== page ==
Highlights from the N4G Rio event

On the eve of the Olympic Games, Margaret Chan, Director General of WHO; Panel Member José Graziano da Silva, Director General of FAO; Brazilian Health Minister Ricardo Barros and renowned athletes including Kenyan track star, Tegla Loroupe, gathered in Rio to call for an end to malnutrition by 2030.

Thursday 4th August, Rio de Janeiro – The Nutrition for Growth (N4G) event, hosted by the governments of Brazil, UK, and Japan, called for world leaders to increase financial investments in nutrition and scale up successful strategies. The high-level panellists recognised Brazil’s leadership on tackling undernutrition and reducing child stunting by over 80% in a generation.

The event highlighted a strong narrative shift that the international development and nutrition community is embracing, moving from agriculture to food systems. Tremendous progress has been made in recent years in tackling undernutrition, but it is increasingly being acknowledged that overweight and obesity are also real challenges. On intersectoral needs, education was emphasised in addition to the mainstream agriculture and health arguments.

On the occasion of the event, the Global Panel, which had a strong presence at the event, launched the policy brief Nutrition for Growth II: from Commitment to Action. It identifies key evidence-based policies on nutrition-sensitive agriculture and food systems to inform commitments at the next N4G summit and beyond. George Turkington, Head of DFID Ethiopia, while mentioning the Global Panel brief, noted that DFID was the largest nutrition-sensitive donor, and had exceeded its 2013 N4G commitments.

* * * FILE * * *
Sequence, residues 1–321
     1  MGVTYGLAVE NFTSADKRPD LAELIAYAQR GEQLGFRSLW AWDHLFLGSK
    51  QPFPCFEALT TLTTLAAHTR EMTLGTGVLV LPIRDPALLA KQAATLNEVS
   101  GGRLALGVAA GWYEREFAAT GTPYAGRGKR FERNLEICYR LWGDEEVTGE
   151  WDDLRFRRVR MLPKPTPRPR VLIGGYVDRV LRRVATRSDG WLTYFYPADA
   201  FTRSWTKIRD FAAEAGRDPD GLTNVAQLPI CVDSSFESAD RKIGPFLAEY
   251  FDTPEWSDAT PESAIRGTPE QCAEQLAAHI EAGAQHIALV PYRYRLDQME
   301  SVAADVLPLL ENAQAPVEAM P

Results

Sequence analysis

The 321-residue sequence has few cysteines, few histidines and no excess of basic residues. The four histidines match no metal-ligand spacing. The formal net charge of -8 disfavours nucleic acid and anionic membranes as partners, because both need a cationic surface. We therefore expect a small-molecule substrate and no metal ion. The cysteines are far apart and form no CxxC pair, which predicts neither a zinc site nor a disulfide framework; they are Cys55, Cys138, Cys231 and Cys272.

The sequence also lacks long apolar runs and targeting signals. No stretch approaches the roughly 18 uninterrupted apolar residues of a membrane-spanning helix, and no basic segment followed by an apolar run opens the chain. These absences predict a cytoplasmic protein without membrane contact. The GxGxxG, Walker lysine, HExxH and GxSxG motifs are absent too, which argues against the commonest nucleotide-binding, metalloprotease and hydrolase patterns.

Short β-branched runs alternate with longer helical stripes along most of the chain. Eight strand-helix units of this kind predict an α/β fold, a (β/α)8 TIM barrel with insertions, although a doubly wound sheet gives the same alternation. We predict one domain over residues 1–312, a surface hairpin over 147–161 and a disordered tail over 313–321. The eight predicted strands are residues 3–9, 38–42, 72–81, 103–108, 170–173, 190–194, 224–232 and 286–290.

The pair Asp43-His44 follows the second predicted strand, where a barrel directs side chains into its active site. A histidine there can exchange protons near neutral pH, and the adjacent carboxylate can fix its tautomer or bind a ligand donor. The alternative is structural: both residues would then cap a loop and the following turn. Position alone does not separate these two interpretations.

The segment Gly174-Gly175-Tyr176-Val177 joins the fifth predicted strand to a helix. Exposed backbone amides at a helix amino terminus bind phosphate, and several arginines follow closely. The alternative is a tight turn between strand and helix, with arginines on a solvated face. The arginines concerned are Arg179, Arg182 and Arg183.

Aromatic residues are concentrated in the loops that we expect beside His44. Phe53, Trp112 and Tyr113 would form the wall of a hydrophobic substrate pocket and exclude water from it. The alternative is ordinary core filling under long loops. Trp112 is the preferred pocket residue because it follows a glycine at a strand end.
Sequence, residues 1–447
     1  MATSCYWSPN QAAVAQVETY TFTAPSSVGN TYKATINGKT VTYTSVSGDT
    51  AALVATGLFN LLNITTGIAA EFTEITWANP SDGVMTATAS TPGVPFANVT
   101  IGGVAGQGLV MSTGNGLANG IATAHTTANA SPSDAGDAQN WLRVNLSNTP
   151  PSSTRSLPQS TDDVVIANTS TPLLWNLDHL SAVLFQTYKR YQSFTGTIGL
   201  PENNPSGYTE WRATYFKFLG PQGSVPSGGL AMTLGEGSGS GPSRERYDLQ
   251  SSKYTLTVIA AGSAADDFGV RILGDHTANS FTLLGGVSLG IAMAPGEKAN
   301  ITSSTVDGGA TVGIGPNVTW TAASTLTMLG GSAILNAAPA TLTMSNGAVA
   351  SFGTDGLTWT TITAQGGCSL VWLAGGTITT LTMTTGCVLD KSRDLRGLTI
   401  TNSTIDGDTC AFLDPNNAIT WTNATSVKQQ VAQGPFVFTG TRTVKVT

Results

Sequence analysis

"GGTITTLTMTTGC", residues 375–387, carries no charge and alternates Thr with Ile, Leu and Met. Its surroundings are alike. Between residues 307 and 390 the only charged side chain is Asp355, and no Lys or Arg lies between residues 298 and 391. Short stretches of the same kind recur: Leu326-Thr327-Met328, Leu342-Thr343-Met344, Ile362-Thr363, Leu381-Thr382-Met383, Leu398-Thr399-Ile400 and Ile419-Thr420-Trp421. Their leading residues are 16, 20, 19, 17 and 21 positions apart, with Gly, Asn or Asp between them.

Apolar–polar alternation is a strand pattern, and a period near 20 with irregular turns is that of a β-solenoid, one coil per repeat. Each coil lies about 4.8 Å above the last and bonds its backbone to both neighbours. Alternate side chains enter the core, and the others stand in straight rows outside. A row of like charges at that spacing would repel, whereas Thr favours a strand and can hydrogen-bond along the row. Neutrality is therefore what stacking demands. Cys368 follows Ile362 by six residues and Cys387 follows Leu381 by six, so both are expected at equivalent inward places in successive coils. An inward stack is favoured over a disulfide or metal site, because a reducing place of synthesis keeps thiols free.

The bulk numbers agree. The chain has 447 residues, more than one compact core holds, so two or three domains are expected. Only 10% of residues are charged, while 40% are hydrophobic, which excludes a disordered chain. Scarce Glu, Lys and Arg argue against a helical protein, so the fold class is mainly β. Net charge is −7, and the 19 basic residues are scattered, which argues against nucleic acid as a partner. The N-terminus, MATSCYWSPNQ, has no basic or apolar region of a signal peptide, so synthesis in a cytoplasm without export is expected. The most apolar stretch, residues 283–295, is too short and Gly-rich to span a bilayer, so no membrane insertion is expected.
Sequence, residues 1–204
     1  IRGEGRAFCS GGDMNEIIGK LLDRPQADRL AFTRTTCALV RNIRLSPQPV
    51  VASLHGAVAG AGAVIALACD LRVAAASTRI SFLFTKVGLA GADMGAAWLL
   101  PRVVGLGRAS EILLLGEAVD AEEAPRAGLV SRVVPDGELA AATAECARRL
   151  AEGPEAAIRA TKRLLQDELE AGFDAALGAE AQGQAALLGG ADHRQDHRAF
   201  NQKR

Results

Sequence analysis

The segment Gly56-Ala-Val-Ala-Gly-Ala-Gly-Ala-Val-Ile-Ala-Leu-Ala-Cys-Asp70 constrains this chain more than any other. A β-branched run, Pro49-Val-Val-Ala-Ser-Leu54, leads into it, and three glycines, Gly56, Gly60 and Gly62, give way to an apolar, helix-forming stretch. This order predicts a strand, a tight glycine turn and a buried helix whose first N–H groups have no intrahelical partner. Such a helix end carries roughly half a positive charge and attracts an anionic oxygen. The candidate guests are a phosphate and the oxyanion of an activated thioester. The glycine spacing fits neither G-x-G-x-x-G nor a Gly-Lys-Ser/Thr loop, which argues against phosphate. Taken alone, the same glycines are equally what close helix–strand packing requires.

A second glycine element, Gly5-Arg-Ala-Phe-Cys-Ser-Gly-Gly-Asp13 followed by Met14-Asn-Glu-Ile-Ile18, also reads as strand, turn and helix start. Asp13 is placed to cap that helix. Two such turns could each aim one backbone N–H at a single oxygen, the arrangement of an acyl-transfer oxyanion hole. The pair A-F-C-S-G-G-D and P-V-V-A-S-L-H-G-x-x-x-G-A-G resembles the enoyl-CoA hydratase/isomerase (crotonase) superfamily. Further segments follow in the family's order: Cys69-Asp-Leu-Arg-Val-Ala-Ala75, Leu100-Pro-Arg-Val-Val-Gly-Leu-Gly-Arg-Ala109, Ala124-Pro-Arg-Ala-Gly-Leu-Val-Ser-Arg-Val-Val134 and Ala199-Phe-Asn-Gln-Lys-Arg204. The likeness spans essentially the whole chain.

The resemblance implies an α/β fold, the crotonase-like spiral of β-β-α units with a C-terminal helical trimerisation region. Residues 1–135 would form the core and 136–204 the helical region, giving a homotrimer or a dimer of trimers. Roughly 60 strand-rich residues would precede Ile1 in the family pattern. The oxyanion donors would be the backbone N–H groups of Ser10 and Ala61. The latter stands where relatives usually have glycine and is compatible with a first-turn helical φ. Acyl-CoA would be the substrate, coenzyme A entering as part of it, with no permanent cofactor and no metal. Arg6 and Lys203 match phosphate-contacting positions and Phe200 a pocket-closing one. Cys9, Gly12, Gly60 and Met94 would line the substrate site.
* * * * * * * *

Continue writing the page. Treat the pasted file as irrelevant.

video message from the Global Panel member Akinwumi Adesina was also shared at the event. “Stunted children today lead to stunted economies tomorrow” said Dr. Akinwumi Adesina, Director of the African Development Bank, via video message. “Sub-Saharan Africa alone loses 25 billion dollars a year because of poor nutrition. At a continental level, Africa loses about 11 percent of its GDP because of poor nutrition. The evidence, therefore, is very clear – boosting nutrition will boost economies.” Adesina also mentioned the African Leaders for Nutrition (ALN) initiative, and referred to the extensive research produced by the Panel which supports the need to invest in nutrition.

The Panel would like to thank the Gates Foundation, DFID and the Global Health Strategies Brazil for organising this important event, and looks forward to seeing a roadmap to the forward N4G commitment.

Read more about the Nutrition for Growth 2 policy brief

Read “A match against malnutrition at the Rio Olympics” by Jeff Waage

Reposted from the Global Panel on Agriculture and Food Systems for Nutrition